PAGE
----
The SEC’s “compromise” is to require disclosing only the first two digits of the zip code, which provide a sense of a property’s geography without the risk of violating privacy. Investors counter that two-digit zip codes do not provide nearly enough granularity to make an informed judgment about home-price stability (and with good reason—some entire states are covered entirely by a single two-digit zip code).

The competing demands of disclosure and privacy can be satisfied in large measure by technology. Rather than attempting to determine which individual data fields should be included in a loan-level disclosure (and then publishing it on the SEC’s EDGAR site for all the world to see) the market ought to be able to develop a technology where a secure, encrypted, password-protected copy of the loan documents (including the loan application, tax documents, pay-stubs, bank statements, and other relevant income, employment, and asset verifications) is made available on a need-to-know basis to qualified PLS investors who share in the responsibility for safeguarding the information.


Due Diligence Review

Technologically improving the transparency of the due diligence process to investors may also increase investor trust, particularly in the representation and warranty review process. Providing investors with a secure view of the loan-level documentation used to underwrite and close the underlying mortgage loan, as described above, may reduce the scope of due diligence review as it exists in today’s market. Technology companies, which today support initiatives such as Fannie Mae’s “Day 1 Certainty” program, promise to further disrupt the due diligence process in the future. Through automation, the due diligence process becomes less burdensome and fosters confidence in the underwriting process while also reducing costs and bringing representation and warranty relief.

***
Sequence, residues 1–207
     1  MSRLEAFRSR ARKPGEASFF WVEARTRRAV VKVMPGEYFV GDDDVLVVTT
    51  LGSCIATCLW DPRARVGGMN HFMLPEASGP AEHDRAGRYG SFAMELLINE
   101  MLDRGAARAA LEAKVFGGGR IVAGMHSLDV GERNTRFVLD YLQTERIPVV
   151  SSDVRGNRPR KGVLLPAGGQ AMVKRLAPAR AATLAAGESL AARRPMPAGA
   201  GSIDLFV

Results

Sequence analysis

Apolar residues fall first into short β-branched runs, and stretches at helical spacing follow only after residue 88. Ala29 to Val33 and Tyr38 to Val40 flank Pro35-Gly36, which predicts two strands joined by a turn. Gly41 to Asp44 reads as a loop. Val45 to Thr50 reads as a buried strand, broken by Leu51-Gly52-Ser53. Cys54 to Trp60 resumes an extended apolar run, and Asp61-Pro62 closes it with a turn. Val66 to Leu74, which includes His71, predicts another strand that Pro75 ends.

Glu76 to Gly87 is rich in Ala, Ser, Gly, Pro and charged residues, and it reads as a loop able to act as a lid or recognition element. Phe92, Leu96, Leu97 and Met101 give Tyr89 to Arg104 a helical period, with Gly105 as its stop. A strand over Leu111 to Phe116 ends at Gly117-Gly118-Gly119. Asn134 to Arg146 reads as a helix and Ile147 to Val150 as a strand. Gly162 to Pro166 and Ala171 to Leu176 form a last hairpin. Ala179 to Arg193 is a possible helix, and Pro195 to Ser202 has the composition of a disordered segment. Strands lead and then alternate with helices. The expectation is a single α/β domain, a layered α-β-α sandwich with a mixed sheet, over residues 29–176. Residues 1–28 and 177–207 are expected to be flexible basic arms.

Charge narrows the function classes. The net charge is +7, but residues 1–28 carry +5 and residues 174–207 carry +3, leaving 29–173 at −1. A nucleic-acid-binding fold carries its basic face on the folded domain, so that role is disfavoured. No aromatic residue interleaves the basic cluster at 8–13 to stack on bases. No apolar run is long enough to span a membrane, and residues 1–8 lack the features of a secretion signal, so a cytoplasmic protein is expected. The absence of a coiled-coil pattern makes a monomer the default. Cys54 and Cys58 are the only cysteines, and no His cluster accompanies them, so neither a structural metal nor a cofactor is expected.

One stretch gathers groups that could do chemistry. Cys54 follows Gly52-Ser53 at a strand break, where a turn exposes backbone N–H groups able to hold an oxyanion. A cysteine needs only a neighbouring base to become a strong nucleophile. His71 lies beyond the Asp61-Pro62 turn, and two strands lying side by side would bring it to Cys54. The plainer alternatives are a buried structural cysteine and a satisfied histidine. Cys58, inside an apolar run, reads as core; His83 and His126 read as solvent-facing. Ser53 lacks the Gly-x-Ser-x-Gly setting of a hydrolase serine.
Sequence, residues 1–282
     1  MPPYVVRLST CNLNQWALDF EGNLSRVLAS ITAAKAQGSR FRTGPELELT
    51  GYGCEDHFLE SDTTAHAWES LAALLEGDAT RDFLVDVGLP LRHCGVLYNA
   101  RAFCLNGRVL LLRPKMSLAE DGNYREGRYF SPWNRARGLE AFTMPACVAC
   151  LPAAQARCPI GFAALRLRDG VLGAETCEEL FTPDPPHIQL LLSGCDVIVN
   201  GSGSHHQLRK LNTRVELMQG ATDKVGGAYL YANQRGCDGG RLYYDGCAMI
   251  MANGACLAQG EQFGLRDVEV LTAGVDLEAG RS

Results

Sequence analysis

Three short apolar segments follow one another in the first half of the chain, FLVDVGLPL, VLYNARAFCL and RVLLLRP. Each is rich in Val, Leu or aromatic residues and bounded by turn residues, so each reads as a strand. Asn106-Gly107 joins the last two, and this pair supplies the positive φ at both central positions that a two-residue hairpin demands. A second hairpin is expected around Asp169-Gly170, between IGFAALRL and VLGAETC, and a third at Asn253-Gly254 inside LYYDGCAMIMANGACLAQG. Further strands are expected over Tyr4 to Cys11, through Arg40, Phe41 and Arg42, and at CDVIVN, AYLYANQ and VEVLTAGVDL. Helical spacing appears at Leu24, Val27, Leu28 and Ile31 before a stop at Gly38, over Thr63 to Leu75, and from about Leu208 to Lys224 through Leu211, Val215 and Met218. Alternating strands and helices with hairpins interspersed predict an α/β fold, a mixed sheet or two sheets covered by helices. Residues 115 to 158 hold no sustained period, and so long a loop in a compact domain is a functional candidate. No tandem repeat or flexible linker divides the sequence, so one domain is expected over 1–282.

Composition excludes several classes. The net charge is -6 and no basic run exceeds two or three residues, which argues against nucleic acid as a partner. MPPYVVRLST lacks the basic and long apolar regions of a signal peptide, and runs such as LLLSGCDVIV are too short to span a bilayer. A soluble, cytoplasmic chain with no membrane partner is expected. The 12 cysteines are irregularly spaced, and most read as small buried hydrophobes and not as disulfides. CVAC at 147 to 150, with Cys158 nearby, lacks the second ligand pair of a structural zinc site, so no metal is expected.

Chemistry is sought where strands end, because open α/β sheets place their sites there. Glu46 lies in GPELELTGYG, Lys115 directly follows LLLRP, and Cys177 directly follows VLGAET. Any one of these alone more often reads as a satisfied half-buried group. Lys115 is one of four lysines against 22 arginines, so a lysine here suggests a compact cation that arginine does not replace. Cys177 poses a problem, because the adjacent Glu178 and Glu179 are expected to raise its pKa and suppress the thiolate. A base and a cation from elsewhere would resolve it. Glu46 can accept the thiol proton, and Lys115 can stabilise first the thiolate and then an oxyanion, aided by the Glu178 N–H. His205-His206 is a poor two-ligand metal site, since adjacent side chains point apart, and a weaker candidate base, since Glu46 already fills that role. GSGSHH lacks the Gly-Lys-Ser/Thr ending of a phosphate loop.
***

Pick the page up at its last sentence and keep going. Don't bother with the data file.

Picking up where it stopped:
Today’s insistence on 100% file reviews in many cases is perhaps the most obvious evidence of the lack of trust across transactions. Investors will likely always require some degree of assurance that they are getting what they pay for in terms of collateral. However, an automated verification process for income, assets, and employment will launch the industry forward with investor confidence. Should any reconciliation of individual loan file documentation with data files be necessary, results of these reconciliations could be automated and added to a secure blockchain accessible only via private permissions. Over time, investors will become more comfortable with the reliability of the electronic data files describing the mortgage loans submitted to them.

The same technology could be implemented to allow investors to view supporting documents when reps and warrants are triggered and a review of the underlying loan documents needs to be completed.


Document Custody

Smart document technologies also have the potential to improve the transparency of the document custody process. At some point the industry is going to have to move beyond today’s humidity-controlled file cabinets and vaults, where documents are obtained and viewed only on an exception basis or when loans are paid off. Adding loan documents that have been reviewed and accepted by the securitization’s document custodian to a secure, permissioned blockchain will allow investors in the securities to view and verify collateral documents whenever questions arise without going to the time and expense of retrieving paper from the custodian’s vault.